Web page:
SBA Announces Disaster Loans for Minnesota and New York

Friday, December 2, 2011 3:44pm
Small plant rising out of cracked soil
The Small Business Administration (SBA) announced today that it will be making personal disaster loans available to multiple counties in Minnesota and New York.
Minnesota is to receive small business personal loans as a result of damages done by excessive heat, rain, wind, frost and tornadoes that have been affecting the state since April, 2011.
New York will also receive SBA-backed personal loans due to excessive drought and rain that has been plaguing the state since early July.
These disaster loans are meant to pay fixed debts, payrolls, accounts payable, and other bills that the disasters have prohibited the payment of. They are not meant to replace any lost sales or profits that may have arose as a result of the disasters.
Some counties residing just out of these states, such as those in South Dakota and Pennsylvania are also eligible for these disaster loans. “The Small Business Administration recognizes that disasters do not usually stop at county or state lines. For that reason, counties adjacent to primary counties named in the declaration are included,” said Frank Skaggs, director of SBA’s Field Operations Center East, in the release.
The SBA announced this new volley of personal loans after the Secretary of Agriculture issued a disaster declaration to help those states. “When the Secretary of Agriculture issues a disaster declaration to help farmers recover from damages and losses to crops, the Small Business Administration issues a declaration to assist eligible entities affected by the same disaster,” said Skaggs.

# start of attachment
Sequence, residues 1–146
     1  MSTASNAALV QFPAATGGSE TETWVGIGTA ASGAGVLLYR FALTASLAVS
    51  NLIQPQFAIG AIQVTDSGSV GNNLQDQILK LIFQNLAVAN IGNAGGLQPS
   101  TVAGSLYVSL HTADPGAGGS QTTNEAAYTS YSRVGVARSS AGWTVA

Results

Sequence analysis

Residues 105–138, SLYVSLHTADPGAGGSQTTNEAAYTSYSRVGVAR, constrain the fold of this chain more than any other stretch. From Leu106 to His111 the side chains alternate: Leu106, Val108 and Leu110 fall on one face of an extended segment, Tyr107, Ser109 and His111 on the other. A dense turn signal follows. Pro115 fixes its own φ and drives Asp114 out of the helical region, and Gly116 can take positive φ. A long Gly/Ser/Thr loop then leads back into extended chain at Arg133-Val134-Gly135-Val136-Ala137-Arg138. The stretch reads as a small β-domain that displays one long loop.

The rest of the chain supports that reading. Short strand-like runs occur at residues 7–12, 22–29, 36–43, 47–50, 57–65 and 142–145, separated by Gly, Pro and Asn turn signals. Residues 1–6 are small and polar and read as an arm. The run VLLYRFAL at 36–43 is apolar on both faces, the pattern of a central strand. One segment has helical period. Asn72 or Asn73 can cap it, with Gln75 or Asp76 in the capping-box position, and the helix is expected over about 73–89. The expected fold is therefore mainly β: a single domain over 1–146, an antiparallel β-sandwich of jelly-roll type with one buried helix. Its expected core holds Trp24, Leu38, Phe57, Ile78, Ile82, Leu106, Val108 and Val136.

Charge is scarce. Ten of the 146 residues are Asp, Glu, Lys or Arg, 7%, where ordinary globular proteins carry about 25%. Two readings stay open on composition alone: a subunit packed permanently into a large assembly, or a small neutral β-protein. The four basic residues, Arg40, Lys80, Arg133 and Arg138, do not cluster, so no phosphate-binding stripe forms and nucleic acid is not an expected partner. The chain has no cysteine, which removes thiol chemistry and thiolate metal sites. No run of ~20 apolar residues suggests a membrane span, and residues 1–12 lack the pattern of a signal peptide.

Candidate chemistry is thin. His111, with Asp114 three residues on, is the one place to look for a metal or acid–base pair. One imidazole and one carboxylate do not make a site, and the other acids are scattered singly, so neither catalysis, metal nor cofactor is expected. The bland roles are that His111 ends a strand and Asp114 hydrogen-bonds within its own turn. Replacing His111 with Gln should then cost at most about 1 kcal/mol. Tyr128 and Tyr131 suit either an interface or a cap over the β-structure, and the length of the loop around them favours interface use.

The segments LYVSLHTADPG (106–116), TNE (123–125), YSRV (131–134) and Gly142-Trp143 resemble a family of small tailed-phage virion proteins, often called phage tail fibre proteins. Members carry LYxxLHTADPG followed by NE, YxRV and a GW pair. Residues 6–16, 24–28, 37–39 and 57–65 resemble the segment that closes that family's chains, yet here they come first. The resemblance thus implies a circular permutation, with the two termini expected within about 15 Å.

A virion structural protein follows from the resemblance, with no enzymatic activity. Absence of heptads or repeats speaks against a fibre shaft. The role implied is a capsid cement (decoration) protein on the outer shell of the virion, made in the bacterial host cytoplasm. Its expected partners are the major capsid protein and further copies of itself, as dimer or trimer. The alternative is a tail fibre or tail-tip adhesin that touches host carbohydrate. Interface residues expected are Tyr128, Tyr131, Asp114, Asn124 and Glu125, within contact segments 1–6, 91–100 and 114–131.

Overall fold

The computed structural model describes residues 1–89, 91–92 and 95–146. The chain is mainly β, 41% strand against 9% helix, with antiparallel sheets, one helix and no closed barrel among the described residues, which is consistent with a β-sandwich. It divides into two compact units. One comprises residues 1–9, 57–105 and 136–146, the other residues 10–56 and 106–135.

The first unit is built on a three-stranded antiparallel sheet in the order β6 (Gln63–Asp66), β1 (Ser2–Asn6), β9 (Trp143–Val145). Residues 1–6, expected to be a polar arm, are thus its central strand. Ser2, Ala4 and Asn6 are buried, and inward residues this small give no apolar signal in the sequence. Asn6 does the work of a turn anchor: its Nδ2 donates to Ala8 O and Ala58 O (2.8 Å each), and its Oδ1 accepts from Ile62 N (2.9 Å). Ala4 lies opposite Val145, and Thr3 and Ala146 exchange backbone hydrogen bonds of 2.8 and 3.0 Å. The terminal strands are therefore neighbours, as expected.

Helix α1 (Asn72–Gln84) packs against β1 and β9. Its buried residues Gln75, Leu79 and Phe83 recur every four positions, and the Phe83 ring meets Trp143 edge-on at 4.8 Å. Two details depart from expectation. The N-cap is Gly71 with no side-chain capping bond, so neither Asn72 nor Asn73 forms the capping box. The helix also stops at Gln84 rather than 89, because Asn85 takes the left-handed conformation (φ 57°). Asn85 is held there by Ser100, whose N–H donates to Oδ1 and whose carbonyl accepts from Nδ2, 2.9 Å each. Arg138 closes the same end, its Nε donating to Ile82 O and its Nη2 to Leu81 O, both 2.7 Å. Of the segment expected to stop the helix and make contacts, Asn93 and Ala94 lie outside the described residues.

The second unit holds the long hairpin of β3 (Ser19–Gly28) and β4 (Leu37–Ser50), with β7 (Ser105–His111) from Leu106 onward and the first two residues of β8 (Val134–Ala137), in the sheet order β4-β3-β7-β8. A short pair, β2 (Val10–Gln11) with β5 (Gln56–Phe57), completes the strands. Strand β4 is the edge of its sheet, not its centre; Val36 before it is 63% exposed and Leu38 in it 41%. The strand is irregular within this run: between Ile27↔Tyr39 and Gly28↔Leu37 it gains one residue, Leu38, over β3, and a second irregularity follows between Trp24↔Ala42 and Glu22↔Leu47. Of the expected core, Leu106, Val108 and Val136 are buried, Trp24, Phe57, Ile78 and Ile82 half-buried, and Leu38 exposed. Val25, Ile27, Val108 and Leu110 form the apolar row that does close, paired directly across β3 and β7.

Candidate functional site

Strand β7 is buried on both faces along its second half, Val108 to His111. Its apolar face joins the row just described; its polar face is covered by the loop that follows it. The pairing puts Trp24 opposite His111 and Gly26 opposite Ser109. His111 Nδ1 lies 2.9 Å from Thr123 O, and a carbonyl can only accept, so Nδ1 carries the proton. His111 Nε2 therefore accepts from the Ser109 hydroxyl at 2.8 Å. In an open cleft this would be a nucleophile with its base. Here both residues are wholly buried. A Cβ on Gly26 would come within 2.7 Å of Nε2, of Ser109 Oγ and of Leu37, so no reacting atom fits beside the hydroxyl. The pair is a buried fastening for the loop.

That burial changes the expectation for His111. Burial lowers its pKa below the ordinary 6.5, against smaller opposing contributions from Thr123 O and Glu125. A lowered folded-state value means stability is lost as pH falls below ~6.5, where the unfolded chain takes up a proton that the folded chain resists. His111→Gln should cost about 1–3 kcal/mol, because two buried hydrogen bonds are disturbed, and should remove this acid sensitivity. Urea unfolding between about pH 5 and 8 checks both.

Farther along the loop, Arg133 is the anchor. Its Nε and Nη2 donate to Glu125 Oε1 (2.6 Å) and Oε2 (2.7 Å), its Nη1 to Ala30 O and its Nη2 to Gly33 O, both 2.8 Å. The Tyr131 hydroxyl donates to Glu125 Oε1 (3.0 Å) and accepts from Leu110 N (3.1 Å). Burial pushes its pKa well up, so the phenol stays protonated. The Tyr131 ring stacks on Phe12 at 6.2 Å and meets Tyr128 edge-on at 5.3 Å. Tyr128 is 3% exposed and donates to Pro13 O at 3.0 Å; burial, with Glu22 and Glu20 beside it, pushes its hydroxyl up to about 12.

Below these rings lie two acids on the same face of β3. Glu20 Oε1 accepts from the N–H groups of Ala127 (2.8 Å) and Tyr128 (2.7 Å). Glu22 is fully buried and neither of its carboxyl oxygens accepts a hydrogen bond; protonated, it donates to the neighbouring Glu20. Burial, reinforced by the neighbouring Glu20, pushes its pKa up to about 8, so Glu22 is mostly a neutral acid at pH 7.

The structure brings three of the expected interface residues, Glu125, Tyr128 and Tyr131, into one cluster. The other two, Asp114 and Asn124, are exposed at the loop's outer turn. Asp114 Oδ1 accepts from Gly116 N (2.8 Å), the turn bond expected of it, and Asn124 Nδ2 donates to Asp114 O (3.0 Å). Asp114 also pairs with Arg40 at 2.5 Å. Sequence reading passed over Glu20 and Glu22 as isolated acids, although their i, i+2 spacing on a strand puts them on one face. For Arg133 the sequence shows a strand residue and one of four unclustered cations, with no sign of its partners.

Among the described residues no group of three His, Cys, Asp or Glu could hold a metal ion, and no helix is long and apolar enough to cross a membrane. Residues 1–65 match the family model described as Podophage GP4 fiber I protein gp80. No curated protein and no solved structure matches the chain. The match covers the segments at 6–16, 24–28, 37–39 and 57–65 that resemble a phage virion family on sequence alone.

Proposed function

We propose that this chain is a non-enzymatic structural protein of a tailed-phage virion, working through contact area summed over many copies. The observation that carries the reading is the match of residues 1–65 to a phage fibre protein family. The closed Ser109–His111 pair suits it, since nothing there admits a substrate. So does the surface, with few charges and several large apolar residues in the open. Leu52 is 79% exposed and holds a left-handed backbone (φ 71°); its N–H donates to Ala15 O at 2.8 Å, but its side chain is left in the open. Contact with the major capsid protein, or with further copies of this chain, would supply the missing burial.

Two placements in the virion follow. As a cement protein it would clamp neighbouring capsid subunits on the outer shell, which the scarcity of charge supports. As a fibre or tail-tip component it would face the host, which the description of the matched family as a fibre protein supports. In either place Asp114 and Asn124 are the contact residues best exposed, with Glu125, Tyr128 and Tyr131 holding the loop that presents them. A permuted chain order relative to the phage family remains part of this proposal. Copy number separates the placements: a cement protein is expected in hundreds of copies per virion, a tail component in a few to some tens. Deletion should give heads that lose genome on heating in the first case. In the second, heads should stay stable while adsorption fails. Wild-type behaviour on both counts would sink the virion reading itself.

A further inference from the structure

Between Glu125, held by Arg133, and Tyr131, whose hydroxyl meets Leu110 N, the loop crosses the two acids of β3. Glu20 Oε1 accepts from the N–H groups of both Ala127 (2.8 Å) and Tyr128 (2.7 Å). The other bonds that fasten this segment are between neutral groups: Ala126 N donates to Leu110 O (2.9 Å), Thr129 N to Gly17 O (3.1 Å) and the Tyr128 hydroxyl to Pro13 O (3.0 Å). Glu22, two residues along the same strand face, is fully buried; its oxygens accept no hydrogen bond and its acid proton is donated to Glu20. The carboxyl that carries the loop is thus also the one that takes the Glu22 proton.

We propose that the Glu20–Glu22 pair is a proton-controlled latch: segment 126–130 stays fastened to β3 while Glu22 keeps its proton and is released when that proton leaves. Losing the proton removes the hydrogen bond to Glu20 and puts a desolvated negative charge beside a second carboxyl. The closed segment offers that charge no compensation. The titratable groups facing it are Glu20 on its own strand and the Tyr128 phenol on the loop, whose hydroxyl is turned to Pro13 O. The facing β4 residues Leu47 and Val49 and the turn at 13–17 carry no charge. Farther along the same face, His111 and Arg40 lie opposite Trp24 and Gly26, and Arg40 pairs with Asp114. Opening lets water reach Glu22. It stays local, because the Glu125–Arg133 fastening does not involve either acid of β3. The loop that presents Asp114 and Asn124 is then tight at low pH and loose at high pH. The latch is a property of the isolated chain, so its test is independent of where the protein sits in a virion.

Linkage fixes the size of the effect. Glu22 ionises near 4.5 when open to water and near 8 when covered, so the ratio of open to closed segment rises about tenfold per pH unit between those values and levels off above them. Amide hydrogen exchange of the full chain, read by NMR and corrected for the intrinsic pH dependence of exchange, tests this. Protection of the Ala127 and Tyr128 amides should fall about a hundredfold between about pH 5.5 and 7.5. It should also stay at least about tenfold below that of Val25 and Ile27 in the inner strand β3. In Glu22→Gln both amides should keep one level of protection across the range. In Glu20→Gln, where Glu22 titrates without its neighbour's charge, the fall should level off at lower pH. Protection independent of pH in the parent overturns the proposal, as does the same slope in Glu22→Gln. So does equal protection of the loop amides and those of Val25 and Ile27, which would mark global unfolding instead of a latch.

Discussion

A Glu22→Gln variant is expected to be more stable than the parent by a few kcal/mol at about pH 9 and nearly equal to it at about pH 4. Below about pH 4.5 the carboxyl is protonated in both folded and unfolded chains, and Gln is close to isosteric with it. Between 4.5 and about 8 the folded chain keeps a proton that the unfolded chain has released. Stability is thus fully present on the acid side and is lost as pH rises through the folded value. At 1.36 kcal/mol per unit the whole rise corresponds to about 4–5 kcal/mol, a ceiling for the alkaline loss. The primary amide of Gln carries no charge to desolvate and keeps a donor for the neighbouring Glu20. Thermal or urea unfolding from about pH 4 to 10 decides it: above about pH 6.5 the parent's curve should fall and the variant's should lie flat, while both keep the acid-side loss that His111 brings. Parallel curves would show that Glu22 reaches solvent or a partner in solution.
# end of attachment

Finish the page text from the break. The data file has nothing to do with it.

In order to qualify for the disaster loans, applicants must have suffered financial losses as a direct result of the disasters affecting their state. Only nurseries and aquacultural enterprises may receive a loan for damages arising from drought conditions.
Each of these states’ agricultural businesses that qualify for the SBA’s personal loans can receive up to $2 million with a 4 percent interest rate. Non-profit organizations can get the same amount at 3 percent. Both small businesses and non-profits can take their loans out with a term of up to 30 years. Amounts and terms will be determined on a case by case basis by the SBA, dependent upon the need and size of the applicant.